Mary P. Dolciani

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Mary P. Dolciani (1923–1985) was an American mathematician, known for her work with secondary-school mathematics teachers.

Dolciani earned her Bachelor of Arts degree (B.A.) at Hunter College in New York City, and she completed her doctor of philosophy (Ph.D.) at Cornell University in 1947 with B. W. Jones as thesis advisor. She taught briefly at Vassar College before returning to Hunter, where she spent the next forty years. Dolciani taught mathematics there, and at times, she also served as a Dean or the Provost.

Beginning in the 1960s Mary Dolciani wrote a series of high school mathematics textbook, Structure and Method, which in 2000 - 2010 has experienced a resurgence of popularity.

Shortly before her death in 1985, Dolciani also co-wrote (along with two other mathematics educators) Pre-Algebra: An Accelerated Course. This textbook was widely used in the later 1980s through the 1990s. In addition to teaching the pure mathematics, it emphasized the usefulness of algebra in various practical applications.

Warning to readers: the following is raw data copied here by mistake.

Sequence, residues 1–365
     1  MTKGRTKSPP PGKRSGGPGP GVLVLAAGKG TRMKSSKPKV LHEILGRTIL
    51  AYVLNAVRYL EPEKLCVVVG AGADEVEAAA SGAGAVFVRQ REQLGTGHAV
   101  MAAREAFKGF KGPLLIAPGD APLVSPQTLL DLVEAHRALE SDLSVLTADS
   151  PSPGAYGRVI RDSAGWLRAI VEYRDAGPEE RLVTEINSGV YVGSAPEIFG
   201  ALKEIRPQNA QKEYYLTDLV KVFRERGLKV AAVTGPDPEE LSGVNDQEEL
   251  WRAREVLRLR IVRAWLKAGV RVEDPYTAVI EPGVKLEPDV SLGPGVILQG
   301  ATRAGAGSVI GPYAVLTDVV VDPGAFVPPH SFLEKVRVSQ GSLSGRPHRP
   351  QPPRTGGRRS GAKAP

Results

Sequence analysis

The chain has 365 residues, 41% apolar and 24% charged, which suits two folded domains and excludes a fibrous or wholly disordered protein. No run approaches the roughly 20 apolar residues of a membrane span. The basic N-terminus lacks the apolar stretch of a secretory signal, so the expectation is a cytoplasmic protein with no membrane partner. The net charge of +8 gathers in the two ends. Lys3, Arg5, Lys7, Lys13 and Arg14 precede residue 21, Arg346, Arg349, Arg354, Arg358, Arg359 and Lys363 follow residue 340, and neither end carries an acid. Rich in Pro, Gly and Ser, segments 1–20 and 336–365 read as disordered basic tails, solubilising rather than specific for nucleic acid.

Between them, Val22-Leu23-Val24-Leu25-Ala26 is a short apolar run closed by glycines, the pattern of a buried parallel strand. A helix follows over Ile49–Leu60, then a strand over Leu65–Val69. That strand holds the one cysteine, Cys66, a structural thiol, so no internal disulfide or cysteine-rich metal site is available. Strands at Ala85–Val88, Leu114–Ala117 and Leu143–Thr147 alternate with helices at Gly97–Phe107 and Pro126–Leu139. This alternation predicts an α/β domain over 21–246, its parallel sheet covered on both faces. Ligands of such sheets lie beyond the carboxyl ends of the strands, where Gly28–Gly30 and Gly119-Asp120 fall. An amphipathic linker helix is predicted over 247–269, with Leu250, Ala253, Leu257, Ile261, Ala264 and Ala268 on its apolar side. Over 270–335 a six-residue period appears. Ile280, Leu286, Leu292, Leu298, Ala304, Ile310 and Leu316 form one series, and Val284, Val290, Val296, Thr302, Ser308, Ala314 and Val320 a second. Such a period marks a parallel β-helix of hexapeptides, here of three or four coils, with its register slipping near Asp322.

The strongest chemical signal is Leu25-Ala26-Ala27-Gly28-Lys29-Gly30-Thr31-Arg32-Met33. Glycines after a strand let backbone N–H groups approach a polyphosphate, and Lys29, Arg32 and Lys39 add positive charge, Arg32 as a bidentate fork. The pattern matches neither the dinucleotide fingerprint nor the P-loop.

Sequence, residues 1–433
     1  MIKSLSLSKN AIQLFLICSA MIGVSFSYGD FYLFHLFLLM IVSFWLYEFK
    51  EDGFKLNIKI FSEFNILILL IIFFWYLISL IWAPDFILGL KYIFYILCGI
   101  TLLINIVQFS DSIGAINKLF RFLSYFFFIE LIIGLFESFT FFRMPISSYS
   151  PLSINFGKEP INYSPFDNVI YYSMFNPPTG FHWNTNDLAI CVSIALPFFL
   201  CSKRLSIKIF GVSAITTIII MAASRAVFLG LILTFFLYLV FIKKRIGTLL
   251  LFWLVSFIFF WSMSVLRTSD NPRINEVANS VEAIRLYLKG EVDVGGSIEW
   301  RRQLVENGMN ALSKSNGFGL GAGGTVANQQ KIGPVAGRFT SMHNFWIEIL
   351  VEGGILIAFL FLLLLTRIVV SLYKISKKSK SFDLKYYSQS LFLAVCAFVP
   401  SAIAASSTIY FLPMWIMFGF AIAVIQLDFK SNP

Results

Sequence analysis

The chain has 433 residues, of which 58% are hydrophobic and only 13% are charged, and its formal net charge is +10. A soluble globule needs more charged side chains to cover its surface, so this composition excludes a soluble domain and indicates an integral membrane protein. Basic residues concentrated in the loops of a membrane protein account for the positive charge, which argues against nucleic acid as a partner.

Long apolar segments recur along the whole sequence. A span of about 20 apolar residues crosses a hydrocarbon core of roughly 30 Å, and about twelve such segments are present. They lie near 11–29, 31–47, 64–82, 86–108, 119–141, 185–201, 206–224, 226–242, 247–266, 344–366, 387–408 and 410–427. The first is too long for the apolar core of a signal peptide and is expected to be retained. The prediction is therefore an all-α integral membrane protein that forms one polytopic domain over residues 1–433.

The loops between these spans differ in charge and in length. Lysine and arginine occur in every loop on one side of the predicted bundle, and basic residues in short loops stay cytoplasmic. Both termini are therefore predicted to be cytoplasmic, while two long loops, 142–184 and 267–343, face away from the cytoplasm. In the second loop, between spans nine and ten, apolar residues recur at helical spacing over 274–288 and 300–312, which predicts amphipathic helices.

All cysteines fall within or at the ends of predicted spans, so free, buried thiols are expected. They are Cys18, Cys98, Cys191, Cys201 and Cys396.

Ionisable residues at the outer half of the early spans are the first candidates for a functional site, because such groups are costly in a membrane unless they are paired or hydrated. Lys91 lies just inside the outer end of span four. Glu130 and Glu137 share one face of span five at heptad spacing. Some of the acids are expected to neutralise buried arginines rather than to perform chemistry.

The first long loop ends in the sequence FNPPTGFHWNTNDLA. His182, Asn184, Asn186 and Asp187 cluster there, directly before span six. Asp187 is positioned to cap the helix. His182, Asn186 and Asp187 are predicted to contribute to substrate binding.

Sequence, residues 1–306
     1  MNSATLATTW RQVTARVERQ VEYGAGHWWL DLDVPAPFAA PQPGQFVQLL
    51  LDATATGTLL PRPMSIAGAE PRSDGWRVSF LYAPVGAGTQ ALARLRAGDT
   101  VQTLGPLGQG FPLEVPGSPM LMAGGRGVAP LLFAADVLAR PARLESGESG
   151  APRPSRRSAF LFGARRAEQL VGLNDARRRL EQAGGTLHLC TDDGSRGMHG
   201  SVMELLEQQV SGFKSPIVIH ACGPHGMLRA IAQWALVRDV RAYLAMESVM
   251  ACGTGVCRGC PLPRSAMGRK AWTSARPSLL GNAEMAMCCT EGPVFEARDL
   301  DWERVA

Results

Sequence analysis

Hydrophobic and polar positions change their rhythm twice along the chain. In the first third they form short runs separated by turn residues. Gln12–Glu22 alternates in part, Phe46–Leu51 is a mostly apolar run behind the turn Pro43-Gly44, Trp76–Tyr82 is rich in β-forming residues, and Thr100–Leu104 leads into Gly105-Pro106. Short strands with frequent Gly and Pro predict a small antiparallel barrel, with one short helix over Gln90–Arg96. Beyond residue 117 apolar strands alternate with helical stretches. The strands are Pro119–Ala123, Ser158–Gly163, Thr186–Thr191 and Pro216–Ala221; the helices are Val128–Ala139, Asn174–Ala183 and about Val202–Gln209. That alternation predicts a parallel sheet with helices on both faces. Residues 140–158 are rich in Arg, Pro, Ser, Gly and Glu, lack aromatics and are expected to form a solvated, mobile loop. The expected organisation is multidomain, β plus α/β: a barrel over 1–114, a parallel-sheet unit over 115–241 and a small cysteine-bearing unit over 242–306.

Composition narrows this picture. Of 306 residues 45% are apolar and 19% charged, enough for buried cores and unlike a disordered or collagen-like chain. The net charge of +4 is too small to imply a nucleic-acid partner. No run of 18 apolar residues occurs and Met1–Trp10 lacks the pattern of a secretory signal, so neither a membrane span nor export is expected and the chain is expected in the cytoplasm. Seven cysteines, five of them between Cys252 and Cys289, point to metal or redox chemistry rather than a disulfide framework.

The Mathematical Association of America publishes a series of mathematical books named for her: The Dolciani Mathematical Expositions. Also, the Association's headquarters building in Washington D.C. is named The Dolciani Mathematical Center in her honor.

Although Dolciani is not well known by the general public, she was influential in developing the basic modern method used for teaching basic algebra in the United States (called "Dolciani algebra", which teaches it on the basis of drill like arithmetic, rather than on the basis of proofs as in Euclidean geometry). Dolciani also popularized the short-form names of the Properties that are familiar to many high school algebra students, e.g. the "Zero Property".

Mary P. Dolciani Halloran Foundation[edit]

In 1982, Dr. Mary P. Dolciani Halloran, with her husband James J. Halloran and Eugene J. Callahan as Trustees, established the Mary P. Dolciani Halloran Foundation to further the study of mathematics and mathematics education.[1]


  1. ^ Mary P. Dolciani Halloran Foundation. "The Foundation". Mary P. Dolciani Halloran Foundation. Retrieved 1 February 2013. 

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